Ultra processed foods like packaged snacks, chicken nuggets, associated with cancer risk

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Most Americans are probably aware that a steady diet of foods like chicken nuggets, candy bars and sodas are not a path to health, yet their low cost and easy access  mean these foods are becoming a regular part of many people’s diets in the US and around the world. AICR’s research shows that highly processed foods with added fats and sugars contribute to weight gain and having obesity, thus raising the risk for cancers such as colorectal, endometrial and post-menopausal breast. Now, a population study explores whether there is a direct association between eating these ultra-processed foods and cancer risk.

Consumption of ultra-processed foods and cancer risk, published in the British Medical Journal used data from a French cohort called the NutriNet-Santé study, established in 2009, to look at associations between food, nutrition and health. For this study, researchers reviewed diet records from about 105,000 adults to determine the percentage of ultra-processed foods in their diets, using a food processing classification system called NOVA. The ultra-processed group includes foods such as sodas, sweet or savory packaged snacks, mass produced packaged breads and pastries, chicken and fish nuggets, sausages, and packaged instant soups and noodles. Read more… “Ultra processed foods like packaged snacks, chicken nuggets, associated with cancer risk”

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    Taxing sugary drinks leads to fewer sales, spurs more water purchases

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    There’s been a lot of news about taxing sugar-sweetened beverages as one way to improve people’s health and raise revenue that could be used for anti-obesity initiatives or other community programs. While controversial, many public health experts think this could be one way to encourage people to consume fewer sugary drinks and therefore help curb obesity in kids and adults.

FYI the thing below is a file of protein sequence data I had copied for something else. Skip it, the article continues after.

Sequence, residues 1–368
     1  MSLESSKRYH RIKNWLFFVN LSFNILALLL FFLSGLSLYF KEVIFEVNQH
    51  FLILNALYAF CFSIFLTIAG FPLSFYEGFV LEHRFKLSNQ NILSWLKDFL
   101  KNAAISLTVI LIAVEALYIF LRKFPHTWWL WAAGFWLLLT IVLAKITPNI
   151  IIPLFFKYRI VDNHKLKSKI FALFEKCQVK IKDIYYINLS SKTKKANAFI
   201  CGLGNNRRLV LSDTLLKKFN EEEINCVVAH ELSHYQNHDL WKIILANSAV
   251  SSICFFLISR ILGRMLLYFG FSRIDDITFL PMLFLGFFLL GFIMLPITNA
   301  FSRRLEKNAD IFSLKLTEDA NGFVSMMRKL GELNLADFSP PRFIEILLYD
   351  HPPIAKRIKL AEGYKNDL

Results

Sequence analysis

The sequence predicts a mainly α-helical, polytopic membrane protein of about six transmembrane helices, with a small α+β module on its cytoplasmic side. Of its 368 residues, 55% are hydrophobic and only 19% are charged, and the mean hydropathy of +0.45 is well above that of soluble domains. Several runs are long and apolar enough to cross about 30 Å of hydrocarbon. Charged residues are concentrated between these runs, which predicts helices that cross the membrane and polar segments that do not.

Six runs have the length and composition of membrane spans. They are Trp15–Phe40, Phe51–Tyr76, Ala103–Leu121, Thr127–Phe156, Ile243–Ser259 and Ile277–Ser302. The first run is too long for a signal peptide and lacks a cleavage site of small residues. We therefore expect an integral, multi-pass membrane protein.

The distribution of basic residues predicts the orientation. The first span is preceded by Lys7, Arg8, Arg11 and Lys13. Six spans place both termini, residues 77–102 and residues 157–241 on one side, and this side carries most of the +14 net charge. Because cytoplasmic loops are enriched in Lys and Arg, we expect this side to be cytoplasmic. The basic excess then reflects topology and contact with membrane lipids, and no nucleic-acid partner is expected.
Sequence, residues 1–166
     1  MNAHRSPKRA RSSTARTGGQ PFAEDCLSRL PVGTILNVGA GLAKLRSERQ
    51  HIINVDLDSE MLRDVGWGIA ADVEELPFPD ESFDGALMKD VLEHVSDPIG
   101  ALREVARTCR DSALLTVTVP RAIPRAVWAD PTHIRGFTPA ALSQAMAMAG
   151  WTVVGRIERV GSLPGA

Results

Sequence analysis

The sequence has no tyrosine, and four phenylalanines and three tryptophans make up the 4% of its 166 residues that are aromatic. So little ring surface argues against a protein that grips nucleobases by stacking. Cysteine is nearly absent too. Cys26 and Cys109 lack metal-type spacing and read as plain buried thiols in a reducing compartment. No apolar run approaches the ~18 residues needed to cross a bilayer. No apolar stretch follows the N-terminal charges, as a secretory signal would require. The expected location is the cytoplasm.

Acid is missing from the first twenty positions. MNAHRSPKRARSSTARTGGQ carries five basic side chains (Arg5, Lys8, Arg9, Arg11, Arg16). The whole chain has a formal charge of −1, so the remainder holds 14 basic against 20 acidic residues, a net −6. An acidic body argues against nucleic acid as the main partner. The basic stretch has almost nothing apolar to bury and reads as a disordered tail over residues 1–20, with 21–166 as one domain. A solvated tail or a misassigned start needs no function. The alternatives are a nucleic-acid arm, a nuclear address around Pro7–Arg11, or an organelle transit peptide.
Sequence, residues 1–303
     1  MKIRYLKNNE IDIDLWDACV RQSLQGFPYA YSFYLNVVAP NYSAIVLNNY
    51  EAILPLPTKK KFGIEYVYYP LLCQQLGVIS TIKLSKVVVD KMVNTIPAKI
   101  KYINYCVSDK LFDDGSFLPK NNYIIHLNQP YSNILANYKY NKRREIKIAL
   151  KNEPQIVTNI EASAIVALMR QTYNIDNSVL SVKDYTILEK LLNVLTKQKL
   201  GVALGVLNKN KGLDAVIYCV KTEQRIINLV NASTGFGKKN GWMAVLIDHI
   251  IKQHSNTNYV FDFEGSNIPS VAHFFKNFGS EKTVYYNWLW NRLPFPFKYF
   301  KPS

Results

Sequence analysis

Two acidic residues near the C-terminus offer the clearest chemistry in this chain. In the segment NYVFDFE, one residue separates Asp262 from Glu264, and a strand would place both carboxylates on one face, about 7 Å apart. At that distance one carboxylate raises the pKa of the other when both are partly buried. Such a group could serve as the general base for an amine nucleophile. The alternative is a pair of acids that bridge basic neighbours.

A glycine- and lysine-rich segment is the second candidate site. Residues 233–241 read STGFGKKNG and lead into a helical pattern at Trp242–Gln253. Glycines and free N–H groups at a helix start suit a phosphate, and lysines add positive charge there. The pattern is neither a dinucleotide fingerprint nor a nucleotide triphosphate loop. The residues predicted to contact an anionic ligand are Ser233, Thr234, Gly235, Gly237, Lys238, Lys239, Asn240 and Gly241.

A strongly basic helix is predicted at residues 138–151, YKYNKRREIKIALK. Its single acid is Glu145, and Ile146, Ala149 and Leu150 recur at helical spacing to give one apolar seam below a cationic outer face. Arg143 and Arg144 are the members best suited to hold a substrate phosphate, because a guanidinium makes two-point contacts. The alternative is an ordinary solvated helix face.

AICR recommends avoiding sugary drinks because evidence shows they link to weight gain, overweight and obesity. Obesity increases risk for 11 cancers, including colorectal, pancreatic and endometrial, so strategies that help reduce Americans’ sugary drink consumption play an important role in cancer prevention. Read more… “Taxing sugary drinks leads to fewer sales, spurs more water purchases”

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      Warning labels may keep parents from buying sugary drinks

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      Say you’re a parent of a young child and you’re picking out a beverage for your kid. You’re scanning the options and see this label – would it make you pick another drink?

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      What about this one?

      F1.large, preventablesodastudy (2)A new study finds that for many parents of 6 to 11 year olds, these or other similar warning labels are enough to avoid buying that sugary beverage for their child. At least that’s what parents said in an online survey. The study was published yesterday in the journal Pediatrics. (It coincidentally was released the same day that a ruling to require warning labels on sugary beverages failed to go forward in California.)

      Avoiding sugary beverages is one of AICR’s recommendations for cancer prevention as it can lead to weight gain, for kids and adults. And excess body fat is a cause of many common adult cancers, including colorectal and post-menopausal breast.

      AICR Sugary Drinks RecThe study in Pediatrics included almost 2,400 parents who took an online survey about Read more… “Warning labels may keep parents from buying sugary drinks”

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